Banning content from Varnish

Tags: vcl (16) invalidation (2) ban (1)

Banning is a concept in Varnish that allows expression-based cache invalidation. This means that you can invalidate multiple objects from the cache without the need for individual purge calls.

A ban is created by adding a ban expression to the ban list. All objects in the cache will be evaluated against the expressions in the ban list before being served. If the object is banned Varnish will mark it as expired and fetch new content from the backend.

Ban expressions

A ban expression consists of fields, operators, and arguments. Expressions can be chained using the && operator. Only logical AND operations can be performed. Logical OR operations are done by evaluating multiple ban expressions.

Ban expression format

This is the format of ban expressions:

<field> <operator> <arg> [&& <field> <oper> <arg> ...]

The following fields are supported:

  • req.url: the request URL
  • req.http.*: any request header
  • obj.status: the cache object status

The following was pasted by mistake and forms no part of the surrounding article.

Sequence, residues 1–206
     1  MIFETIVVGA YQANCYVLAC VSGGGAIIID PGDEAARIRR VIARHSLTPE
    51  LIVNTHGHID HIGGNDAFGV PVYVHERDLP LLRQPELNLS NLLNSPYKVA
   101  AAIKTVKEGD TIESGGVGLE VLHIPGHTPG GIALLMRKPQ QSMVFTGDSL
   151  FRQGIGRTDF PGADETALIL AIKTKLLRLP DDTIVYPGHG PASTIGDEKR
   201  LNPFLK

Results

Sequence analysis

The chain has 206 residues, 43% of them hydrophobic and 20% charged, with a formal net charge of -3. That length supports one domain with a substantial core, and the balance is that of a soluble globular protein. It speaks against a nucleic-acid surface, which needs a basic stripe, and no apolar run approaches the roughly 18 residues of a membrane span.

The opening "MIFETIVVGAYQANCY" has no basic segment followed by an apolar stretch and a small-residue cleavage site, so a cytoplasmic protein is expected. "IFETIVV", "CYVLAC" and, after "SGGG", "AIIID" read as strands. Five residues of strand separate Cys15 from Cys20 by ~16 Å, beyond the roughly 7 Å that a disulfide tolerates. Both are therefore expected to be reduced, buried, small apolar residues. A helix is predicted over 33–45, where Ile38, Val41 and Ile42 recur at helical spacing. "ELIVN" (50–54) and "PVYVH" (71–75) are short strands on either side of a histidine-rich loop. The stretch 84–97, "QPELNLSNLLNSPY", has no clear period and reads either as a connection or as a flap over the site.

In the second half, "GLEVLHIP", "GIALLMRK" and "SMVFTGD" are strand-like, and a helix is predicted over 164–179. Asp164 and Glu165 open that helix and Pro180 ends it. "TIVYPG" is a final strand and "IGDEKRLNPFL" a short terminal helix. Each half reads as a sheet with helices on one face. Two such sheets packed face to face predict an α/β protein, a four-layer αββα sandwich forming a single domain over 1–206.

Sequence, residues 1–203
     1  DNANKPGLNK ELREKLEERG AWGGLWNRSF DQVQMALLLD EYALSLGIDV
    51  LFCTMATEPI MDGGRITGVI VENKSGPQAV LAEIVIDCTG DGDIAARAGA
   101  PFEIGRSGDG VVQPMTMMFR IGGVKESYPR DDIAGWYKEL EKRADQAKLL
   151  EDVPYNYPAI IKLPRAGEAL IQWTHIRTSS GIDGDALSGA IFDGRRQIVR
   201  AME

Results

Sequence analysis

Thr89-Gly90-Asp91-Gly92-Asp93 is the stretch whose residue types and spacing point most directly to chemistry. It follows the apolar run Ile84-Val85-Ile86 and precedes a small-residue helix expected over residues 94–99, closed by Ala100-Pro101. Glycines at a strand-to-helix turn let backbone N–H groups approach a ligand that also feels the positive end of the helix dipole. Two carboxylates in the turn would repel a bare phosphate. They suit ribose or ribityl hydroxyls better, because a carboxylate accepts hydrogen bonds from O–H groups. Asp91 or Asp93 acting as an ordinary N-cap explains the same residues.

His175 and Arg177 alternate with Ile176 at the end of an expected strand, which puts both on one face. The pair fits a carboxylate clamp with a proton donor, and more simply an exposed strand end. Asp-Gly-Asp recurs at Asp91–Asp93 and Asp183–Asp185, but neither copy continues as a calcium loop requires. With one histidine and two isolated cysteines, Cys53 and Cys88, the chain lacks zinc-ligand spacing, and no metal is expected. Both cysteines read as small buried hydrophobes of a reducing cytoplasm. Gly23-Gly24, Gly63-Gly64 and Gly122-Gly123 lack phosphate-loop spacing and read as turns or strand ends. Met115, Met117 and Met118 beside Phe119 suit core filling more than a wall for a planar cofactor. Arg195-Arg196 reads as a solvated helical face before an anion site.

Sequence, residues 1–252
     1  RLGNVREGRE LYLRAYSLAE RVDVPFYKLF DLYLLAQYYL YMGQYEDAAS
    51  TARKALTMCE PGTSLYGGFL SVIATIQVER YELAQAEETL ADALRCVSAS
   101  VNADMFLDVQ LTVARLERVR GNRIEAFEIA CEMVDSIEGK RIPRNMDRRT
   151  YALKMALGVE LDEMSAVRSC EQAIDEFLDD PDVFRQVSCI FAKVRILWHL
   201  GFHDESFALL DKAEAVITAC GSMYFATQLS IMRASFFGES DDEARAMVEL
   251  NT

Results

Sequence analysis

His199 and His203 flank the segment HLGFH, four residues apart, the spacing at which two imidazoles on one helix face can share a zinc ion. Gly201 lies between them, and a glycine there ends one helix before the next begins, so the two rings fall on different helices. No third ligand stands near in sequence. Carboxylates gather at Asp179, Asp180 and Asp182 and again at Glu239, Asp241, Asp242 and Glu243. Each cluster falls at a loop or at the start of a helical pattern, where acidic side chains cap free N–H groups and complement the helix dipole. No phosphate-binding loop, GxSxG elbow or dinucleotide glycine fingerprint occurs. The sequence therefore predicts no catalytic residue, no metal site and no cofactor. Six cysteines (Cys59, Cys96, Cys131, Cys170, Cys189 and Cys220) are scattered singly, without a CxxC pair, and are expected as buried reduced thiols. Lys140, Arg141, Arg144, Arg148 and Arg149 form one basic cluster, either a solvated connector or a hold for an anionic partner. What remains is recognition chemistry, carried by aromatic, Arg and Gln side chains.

• obj.http.*: the response headers stored in the cached object

The operator can be:

  • ==: the field equals an arg
  • !=: the field is not equal to an arg
  • ~: the field matches a regular expression defined by the arg
  • !~: the field doesn’t match a regular expression defined by the arg

The argument of a ban expression is either a literal string or a regular expression pattern. Strings are not delimited by double quotes " or the long string format {""}.

Ban expression examples

Let’s start with a very basic example that is the ban equivalent of a regular purge:

req.url == / && ==

So the request’s URL equals /, and the request’s Host header equals

In another example we’ll invalidate all objects from the cache that have an HTTP 404 status:

obj.status == 404

We can also create an expression that uses response headers that are stored in the object. Let’s say we want to invalidate all images at once. We’d use the following expression:

obj.http.Content-Type ~ ^image/

This expression looks at the Content-Type response header and invalidates all items that match the ^image/ regular expression.

For the last example, we’ll match on a URL pattern, instead of an individual URL :

req.url ~ ^/products(/.+|$) && ==